NPR Paris correspondent Eleanor Beardsley was on assignment in Calais, France, and sends this postcard about conditions at the migrant camp known as "The Jungle."

The Jungle, that squalid camp where migrants live in the rough in the dunes of Calais, has transformed. I was there about five months ago, and I found it a sad, scary place. Since then, the makeshift camp's numbers have tripled to about 6,000 people, and I expected to find even more misery.

There was still plenty of mud, trash and puddles between the tarp-covered shelters. Refugees and other migrants are still dying trying to jump aboard trains to get to Britain.

But I found something this time that seemed to be missing before: a dose of humanity.

There are volunteers from everywhere, including for the first time from Britain, where most of the migrants are trying to go. Christian Salome, head of L'Auberge des Migrants, says the picture of the drowned toddler on a Turkish beach in September provoked a strong reaction.

"That picture seems to have shocked the English more than anyone else," he says. "They had a change of heart. And since then, volunteers from England have been pouring into the camp trying to help set up facilities to make life better for its inhabitants."

The Jungle, which earned its name due to its squalor and chaos, has now become a kind of village with an organized life.

It has a few shops, two schools, a church, a mosque, a library and even a café where you can eat dal and watch Bollywood movies.

And there are volunteers providing all sorts of services. There are caravans with doctors and health workers and a team of lawyers giving asylum advice visits every weekend.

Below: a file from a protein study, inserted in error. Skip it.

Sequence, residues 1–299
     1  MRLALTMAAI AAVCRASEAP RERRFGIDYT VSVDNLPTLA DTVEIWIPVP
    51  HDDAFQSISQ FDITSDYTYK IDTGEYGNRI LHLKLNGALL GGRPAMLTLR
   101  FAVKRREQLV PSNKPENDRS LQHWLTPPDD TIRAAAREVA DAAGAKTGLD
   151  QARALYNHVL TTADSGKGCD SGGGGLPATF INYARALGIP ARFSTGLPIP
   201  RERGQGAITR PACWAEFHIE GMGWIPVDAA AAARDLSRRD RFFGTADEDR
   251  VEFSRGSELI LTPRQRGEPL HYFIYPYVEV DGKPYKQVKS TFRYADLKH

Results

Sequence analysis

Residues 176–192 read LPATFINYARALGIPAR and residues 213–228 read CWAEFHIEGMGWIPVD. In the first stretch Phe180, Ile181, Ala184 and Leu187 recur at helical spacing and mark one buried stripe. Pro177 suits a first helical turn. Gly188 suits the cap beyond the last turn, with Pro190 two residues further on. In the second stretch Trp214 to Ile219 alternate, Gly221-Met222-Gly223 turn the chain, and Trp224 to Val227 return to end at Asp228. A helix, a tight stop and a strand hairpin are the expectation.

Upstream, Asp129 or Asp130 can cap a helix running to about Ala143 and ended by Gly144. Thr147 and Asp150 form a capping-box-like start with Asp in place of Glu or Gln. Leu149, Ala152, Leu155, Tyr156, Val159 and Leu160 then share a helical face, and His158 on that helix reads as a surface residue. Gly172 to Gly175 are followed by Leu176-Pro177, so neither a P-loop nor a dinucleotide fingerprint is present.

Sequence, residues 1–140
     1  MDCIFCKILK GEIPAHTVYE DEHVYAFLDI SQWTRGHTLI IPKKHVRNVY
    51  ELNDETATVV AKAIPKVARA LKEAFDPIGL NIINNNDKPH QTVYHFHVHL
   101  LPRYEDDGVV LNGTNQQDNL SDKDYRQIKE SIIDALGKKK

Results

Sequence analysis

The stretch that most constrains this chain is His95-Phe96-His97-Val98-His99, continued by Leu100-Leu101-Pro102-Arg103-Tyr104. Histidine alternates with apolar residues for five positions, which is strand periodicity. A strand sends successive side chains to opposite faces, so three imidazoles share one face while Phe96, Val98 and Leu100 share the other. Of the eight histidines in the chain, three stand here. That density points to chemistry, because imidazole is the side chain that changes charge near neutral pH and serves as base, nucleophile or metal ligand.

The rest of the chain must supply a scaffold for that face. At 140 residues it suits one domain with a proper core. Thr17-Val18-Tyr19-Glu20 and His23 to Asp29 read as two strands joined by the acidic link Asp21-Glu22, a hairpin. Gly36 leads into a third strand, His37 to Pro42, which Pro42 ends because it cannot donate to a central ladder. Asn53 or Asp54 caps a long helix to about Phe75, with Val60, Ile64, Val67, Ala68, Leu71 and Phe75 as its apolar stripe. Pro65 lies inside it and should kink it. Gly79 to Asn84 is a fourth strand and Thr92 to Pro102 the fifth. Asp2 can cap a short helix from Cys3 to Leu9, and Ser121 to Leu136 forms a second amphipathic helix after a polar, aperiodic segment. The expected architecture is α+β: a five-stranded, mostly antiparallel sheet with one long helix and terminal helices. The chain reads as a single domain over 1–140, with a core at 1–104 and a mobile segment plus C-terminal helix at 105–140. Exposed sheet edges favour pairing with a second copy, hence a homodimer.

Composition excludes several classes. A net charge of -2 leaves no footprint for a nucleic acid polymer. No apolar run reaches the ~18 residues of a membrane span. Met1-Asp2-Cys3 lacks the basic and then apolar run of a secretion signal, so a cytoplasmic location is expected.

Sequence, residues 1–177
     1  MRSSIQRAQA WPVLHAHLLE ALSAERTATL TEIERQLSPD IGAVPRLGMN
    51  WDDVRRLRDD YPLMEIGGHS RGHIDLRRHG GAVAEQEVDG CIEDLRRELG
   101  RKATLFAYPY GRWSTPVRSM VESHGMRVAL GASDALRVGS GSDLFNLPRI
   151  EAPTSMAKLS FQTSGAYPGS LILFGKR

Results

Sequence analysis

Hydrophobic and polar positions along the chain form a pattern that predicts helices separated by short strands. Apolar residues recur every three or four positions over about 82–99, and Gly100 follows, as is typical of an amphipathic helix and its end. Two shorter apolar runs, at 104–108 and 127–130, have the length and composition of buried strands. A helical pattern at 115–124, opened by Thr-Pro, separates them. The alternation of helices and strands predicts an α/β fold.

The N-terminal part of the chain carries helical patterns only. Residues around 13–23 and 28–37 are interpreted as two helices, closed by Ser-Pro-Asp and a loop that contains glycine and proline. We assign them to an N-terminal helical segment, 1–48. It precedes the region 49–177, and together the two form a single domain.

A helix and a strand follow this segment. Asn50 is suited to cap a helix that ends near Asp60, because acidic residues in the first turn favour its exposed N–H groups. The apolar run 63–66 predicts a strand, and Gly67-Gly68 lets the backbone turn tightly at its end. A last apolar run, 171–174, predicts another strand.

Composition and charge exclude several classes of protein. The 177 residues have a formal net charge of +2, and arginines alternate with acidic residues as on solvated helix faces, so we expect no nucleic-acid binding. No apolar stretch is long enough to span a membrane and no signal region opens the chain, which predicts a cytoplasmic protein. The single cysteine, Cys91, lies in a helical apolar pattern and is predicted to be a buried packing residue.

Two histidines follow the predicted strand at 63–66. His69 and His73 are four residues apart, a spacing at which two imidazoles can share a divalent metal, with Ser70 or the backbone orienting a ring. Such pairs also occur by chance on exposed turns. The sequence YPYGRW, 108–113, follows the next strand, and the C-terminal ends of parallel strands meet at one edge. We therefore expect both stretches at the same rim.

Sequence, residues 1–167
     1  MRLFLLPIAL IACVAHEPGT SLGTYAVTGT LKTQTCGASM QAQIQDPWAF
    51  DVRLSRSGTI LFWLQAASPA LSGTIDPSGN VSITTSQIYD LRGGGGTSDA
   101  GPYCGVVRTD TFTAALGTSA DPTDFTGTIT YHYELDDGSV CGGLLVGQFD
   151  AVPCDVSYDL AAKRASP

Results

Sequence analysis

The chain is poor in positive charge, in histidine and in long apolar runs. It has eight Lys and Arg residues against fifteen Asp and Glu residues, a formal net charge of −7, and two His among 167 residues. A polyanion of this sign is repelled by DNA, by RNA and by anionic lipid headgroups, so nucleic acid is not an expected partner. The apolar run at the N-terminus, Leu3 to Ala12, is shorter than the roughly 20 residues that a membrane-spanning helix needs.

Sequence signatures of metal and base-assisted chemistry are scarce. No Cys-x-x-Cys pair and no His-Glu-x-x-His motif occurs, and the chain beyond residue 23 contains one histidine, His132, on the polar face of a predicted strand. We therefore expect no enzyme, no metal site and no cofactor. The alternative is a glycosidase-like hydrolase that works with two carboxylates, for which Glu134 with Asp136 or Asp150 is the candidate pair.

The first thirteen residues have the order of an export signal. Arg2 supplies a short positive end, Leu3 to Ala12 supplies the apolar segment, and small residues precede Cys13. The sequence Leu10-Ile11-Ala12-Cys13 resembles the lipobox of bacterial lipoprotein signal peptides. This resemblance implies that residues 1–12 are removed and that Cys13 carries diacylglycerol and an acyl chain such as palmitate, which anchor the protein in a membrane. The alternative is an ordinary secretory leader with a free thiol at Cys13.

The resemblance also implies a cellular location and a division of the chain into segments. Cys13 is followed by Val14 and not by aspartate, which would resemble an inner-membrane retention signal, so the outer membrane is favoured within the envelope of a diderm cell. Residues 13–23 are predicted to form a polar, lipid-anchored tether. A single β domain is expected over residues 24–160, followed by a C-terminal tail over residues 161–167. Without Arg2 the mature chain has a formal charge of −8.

Virginie Tiberghien and Nathalie Janssens, teachers who live in Boulogne, not far down the coast from Calais, are part of a team of teachers that volunteers at the schools here. They just helped build a new school for children at the camp.

"What really made me want to help was all the children that are here now," Virginie says.

She and Nathalie say they have gotten to know many of the families here. On this visit, they've brought bags of socks and clothes to distribute.

The two teachers kiss many of the migrants on both cheeks — greeting them like old friends. There seems to be a spirit of friendship and community between the volunteers and the refugees.

It's a good thing there are a lot of volunteers, says Salome, because the French state has totally relinquished its responsibility to care for the migrants.

"France is the only country that does not have a refugee camp," he says. "There should be a proper camp for these people."

Salome points to smaller and poorer countries such as Jordan that are housing millions of refugees. He says rich Europe, with a population of nearly 600 million, could easily absorb and care for a few million of these war-weary people.

This week, a French court ordered the city of Calais to put in toilets and water access points and to start collecting garbage.

It's already happening. People gathered around rows of spigots to fill jugs and brush their teeth. Others lined up for showers.

Salome says it's something, but not nearly enough.

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